The 29-year pleaded not guilty in Sydney’s Downing Centre to four counts of providing misleading evidence to the Crime Commission. Police today laid an additional three charges against Tandy in relation to three separate incidents relating to giving false/misleading evidence at a NSW Crime Commission hearing.

Tandy appeared today charged with giving evidence that was false or misleading at two Crime Commission hearings. The other charges served on the 29-year-old forward at Sydney’s Downing Centre Local Court this morning included fresh allegations relating to an earlier game between the Gold Coast Titans and Tandy’s Bulldogs in June 2010, two months before the now infamous Townsville match. Tandy’s solicitor Danny Eid entered pleas of not guilty to all four charges on his client’s behalf.

“He gave false evidence about having placed a bet on an NRL club that the club he was playing for was involved in, namely the Bulldogs vs Titans on June 18,” a police document before the court says.

Detectives from the Racing and Casino investigation unit have also accused Tandy of giving false evidence about “a conversation discussing his position on the field for the kick-off in the North Queensland Cowboys and Canterbury Bulldogs match on August 21, 2010.”

The third new charge relates to lies Tandy allegedly told the hearing about his betting activity and access to his TAB account. It followed an early hearing on January 20, where police allege Tandy gave false evidence about his betting activities with a man, former journalist John Schell.

Tandy remains on bail and his matter will return to court next month. Tandy’s solicitor Danny Eid entered the not guilty pleas as his client sat silently in the front row of the court.

If convicted Tandy faces up to five years in jail.

Related Coverage


Dodgy NRL player manager Sam Ayoub arrested today over match Fixing

Ex player and cheat John Elias was arrested today over the Match Fixing Saga

CANTERBURY forward Ryan Tandy, Punting scandal?


Ryan Tandy Mad punter and in big trouble...Is he a cheat?

Ryan Tandy Mad punter and in big trouble...Is he a cheat?

Patrons and bar staff have told The Daily Telegraph that Tandy has been a regular at the hotel in recent weeks and has been warned on several occasions for swearing, kicking over chairs and hitting the automatic TAB machine in frustration while gambling.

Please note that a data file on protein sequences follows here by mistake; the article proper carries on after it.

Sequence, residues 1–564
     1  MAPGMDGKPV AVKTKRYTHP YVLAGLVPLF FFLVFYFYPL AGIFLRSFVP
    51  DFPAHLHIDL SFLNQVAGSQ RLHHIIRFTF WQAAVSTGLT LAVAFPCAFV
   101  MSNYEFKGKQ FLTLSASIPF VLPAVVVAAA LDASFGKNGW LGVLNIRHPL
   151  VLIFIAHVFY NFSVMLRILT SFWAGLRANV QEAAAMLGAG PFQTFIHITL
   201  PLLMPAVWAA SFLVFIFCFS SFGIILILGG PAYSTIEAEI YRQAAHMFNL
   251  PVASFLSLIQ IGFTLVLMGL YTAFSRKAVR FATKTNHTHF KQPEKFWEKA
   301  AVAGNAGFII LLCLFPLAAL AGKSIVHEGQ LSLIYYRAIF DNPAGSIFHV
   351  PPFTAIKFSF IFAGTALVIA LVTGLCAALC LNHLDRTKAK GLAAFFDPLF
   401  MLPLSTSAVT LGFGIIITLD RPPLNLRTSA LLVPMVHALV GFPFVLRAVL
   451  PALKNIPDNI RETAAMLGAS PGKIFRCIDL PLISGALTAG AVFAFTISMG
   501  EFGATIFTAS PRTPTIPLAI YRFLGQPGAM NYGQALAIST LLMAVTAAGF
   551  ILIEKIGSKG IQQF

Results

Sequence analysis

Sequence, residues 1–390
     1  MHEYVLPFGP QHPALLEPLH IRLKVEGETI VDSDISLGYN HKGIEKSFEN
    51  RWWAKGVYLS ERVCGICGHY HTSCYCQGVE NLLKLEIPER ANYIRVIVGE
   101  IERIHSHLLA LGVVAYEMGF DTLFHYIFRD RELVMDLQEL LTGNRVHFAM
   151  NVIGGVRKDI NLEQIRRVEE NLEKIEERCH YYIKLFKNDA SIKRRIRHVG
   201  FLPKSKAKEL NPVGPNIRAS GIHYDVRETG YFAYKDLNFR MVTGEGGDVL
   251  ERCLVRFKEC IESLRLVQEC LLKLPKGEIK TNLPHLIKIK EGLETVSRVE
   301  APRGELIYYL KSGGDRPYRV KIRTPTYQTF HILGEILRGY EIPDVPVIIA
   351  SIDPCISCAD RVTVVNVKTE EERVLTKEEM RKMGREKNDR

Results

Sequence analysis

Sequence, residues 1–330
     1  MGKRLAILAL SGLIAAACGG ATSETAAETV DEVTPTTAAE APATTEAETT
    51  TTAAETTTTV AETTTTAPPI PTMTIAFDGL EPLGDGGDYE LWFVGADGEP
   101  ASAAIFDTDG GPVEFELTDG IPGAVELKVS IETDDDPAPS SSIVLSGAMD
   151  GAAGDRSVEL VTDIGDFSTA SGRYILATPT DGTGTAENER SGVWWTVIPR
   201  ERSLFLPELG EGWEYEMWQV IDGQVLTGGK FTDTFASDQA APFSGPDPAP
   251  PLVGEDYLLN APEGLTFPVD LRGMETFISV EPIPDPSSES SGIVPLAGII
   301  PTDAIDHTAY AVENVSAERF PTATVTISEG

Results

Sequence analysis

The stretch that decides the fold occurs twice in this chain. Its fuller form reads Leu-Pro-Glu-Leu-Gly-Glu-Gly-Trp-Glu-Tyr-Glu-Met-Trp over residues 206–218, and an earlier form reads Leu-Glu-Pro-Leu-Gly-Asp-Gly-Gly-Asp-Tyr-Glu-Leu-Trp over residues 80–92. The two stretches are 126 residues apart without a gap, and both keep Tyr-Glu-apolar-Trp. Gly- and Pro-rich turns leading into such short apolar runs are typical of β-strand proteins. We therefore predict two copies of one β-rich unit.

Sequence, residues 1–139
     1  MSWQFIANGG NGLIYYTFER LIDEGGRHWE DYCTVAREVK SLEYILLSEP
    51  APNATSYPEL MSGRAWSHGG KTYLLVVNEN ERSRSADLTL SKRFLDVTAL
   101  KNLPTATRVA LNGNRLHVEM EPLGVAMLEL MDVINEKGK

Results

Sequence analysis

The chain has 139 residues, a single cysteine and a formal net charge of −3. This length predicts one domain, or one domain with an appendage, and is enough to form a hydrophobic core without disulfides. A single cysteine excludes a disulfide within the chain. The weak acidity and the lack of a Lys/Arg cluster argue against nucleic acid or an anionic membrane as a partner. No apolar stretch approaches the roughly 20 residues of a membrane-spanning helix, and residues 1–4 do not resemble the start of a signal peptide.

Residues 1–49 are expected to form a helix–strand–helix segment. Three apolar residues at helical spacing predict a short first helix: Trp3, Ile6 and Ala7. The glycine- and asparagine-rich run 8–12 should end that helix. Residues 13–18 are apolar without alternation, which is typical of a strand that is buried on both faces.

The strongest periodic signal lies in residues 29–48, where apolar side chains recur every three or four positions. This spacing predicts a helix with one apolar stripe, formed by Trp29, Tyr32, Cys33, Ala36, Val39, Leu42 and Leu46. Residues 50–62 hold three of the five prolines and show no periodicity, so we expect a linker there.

It is understood he was punting in the TAB section last Sunday night while in the company of a former player and was reprimanded by security staff for his behaviour.

“It was quite obvious last Sunday night that he was doing his arse,” a hotel staffer, who witnessed the tirade but declined to be named, said last night.

“He kicked over a chair and we had to pull him up on numerous occasions for swearing very loudly across the bar, thumping the boards where the betting sheets are.

“He has been coming in a lot midweek for the last month and we’ve had to reprimand him over the same sort of stuff.”

Because Tandy has been betting on the hotel’s automatic TAB machine, staff were unclear how much he was betting or on what.

He did not return The Daily Telegraph’s phone calls or text messages yesterday, although it is understood he has been placed on a media ban by the Bulldogs.

The club was unaware of the Clovelly Hotel incident when contacted last night, with Bulldogs chief executive Todd Greenberg saying: “The matter is for the NRL to investigate and it is inappropriate to comment until they have concluded that process.”

Tandy has been forced to deny his involvement in an attempted sting that forced betting to be suspended hours before the Bulldogs’ clash against North Queensland in Townsville.

The plunge, which stood to rip almost $250,000 from bookies across the country, was on the Cowboys opening the scoring with a penalty goal.

After turning over the ball on the first tackle of the match, Tandy conceded a penalty a minute later in front of the posts for lying on Cowboys half Grant Rovelli.

The match has prompted an NRL investigation and there were suggestions last night that investigators had seized Tandy’s phone records.

Sources close to Tandy denied this.

“I don’t know who is involved in the process but there are various places where they get their information,” NRL chief operating officer Graham Annesley said.

“We hope to have most of it by the end of the week.”

My Say AND THEN THIS HAS BEEN DISCOVERED, THE MAN IS A CHEAT, A THIEF AND A CROOK (And someone covered for him, I wonder why he left the storm too?)

CANTERBURY forward Ryan Tandy was barred for life from a Central Coast leagues club a decade ago after allegedly placing an illegal bet with the club’s TAB outlet that netted him more than $1000.

The incident in September, 2000, when Tandy was 19, was reported to police but no charges were laid after crucial CCTV evidence went missing.

The Sunday Telegraph has been told Tandy was at the Erina Leagues Club when he placed a $1000 bet on an odds-on favourite at a greyhound meeting while the TAB machine was left unattended.

No money changed hands, with Tandy allegedly captured on footage reaching behind the TAB machine and snatching the live ticket.

“He waited until the TAB attendant was tied up serving behind the bar before he placed the bet. Then he reached in and claimed the ticket while no-one was looking,” a source said. “No-one was any wiser until a float count was taken and the reconciliation was short $1000.”

The club launched an investigation and the TAB and police became involved.

TAB officials eventually confirmed the $1000 bet had been placed at the club, with the winnings collected at the Avoca Beach Bowling Club.

Officials from both clubs sifted through video footage before Tandy was identified.

It is understood Erina League Club officials wanted Tandy charged, but a source said the investigation ended when the video footage disappeared.

“The video footage was clear cut, but it went missing and the police had to inform the club no charges could be laid,” the source said.